West Nile soccer team Onduparaka has taken the Uganda soccer scene by storm. A few weeks ago they achieved promotion to Uganda’s premier league. And then as if to prove that it was no a fluke they qualified for the Uganda Cup final, putting Entebbe to the sword with a 4-0 aggregate victory over two rounds in the semi-finals.
By the time you read this the Uganda Cup final would have been decided and you know whether the Onduparaka fairy tale will have run its course or has grown even bigger.
In Europe summer is sliding in and with it the seasonal flurry of sporting activity.
The European Football Championships are in full flow, cyclists are about to start the tortuous Tour de France, the grass court tennis season is looking to peak at the hallowed grounds of Wimbledon and the British Golf open will tee off in the west of Scotland in the middle of July.
One cannot help but marvel at the incredible facilities in which the sportsmen compete, the thousands of the paying public who turn up to witness these contests and the amounts the sportsmen win for the effort – the Wimbledon winner will pocket £2m (sh9.5b).
"If you go beyond your-jaw-hitting-the-floor and examine what it has taken to raise sport to such a lucrative endeavour, that sportsmen have found it fit to acquire the bare minimum of education before going off to travel the world and make a living, maybe teams like Ondurapaka will have a sustainable future...
Essentially the growth of sports in Europe went in parallel with the growth in those economies. The sports facilities started off as a deployment of surpluses drawn from those economies. These surpluses date back to the agrarian revolution, swelled into the industrial age and have literally exploded in the information and now, the conceptual age.
Of course sports have their place in the management of society. The more cynical will say sports is a useful distraction for the masses away from the more pressing issues. Sports of course has health benefits, necessary because our lives are more sedentary we are not out half the day chase our food around the savannah.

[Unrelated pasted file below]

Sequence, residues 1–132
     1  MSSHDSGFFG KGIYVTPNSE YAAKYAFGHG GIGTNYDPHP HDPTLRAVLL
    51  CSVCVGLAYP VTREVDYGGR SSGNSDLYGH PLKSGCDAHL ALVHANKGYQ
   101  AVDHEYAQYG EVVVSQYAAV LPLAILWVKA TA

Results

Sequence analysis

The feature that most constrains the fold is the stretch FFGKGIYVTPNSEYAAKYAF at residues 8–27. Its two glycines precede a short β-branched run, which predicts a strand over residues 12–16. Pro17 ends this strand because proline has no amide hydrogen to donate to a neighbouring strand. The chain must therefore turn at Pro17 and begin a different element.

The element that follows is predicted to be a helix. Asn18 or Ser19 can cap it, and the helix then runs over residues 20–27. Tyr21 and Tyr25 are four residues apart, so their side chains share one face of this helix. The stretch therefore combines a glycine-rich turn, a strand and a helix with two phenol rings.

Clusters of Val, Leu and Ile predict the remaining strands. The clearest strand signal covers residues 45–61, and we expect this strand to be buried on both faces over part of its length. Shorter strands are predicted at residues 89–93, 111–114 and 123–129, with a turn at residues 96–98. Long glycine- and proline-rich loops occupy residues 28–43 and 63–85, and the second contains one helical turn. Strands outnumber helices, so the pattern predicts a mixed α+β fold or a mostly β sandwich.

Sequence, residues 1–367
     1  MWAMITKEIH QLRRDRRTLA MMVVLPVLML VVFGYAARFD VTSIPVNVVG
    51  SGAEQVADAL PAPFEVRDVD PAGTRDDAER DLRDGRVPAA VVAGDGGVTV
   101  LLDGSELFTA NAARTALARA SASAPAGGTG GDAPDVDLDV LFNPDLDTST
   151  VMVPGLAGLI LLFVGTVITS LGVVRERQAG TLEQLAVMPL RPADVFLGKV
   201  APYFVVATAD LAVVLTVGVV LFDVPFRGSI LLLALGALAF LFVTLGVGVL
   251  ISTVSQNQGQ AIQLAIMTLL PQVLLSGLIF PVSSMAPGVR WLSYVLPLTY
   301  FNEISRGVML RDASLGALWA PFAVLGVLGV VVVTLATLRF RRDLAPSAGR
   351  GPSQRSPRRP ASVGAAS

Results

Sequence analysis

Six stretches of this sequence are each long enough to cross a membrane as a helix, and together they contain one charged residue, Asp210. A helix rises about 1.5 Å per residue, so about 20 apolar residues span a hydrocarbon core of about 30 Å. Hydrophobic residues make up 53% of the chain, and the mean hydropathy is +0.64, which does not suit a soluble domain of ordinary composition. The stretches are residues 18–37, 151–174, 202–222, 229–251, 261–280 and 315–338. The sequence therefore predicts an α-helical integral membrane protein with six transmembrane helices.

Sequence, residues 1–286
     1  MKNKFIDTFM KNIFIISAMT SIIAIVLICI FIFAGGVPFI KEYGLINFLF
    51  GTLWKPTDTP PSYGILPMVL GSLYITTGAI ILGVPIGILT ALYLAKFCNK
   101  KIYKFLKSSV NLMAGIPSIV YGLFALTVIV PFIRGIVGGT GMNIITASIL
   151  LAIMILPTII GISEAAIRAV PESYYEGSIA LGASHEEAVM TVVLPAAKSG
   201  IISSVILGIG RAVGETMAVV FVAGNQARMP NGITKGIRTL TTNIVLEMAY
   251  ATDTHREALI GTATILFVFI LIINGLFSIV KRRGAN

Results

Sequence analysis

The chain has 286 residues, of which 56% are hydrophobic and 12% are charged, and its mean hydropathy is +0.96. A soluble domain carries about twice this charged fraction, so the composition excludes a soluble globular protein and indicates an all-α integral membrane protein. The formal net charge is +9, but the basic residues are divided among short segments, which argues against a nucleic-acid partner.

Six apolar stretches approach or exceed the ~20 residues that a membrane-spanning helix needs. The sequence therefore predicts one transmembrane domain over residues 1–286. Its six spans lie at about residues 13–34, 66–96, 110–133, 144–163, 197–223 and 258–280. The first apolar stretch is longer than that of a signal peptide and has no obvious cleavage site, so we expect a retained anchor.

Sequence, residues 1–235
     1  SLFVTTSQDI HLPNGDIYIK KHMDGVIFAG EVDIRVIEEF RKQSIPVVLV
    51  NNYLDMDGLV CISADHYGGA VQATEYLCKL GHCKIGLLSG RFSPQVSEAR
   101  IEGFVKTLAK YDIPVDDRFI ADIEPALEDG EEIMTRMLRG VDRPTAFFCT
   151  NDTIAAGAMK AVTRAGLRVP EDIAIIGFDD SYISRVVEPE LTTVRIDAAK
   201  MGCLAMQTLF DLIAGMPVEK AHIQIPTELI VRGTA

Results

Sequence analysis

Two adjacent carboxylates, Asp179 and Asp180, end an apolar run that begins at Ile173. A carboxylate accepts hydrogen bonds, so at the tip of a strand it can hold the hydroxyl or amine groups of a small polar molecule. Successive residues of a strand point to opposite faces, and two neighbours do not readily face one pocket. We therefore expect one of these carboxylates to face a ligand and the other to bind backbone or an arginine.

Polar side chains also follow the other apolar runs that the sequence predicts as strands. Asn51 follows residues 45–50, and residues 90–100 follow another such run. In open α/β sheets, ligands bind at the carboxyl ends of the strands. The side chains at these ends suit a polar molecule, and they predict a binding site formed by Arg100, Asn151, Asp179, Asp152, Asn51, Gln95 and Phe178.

So clearly attaining national sporting excellence requires a robust economy sustained over years even decades.
In addition there have to be patrons willing to back these teams. The history of Europe’s top soccer teams is littered with rich businessmen supporting the clubs and setting a strong foundation for their eventual glory years.
We have had our share of sporting patrons but their initiatives have died with them or floundered with the patrons falling fortunes.
"What the European teams have been able to do, to varying levels of success, which our teams have failed to do, is build a corporate structure that can not only support the teams but ensure they outlive the original patrons...
In short our teams have to become businesses in order to sustain themselves.
Using Onduparaka as an example, while it has no stadium from which it can collect revenues, it has a passionate following that contribute to its finances.
There is the usual company structure that can be employed, with shareholders and a management that oversees the club’s running or they can adopt a cooperative structure like Barcelona FC’s , where the club belongs to the fans who contribute to its up keep regularly and may enjoy a return on their “investment” every so often, depending on the surplus the club can generate.
With either structure egos will have to be set aside and strict corporate discipline adopted.
This template, which can be used for any other sports team and association is not rocket science but it will not be smooth sailing as well as differences in opinion between the owners, management and fans will inevitably rock the ship occasionally. This will test the credibility of the club’s or association’s vision and mission and depending on how deeply ingrained these are will make the difference between success and failure.
"The point is, developing a viable sporting infrastructure like you find in Europe is not impossible but we will have to break our way from the self-destructive ways of our current business owners, harness our existing assets and embrace a long term view going years, decades even centuries into the future...
It can be done. The question is have the right conditions of growing economy, savvy business promoters and sporting challenge come together yet to make it happen?
Only time will tell.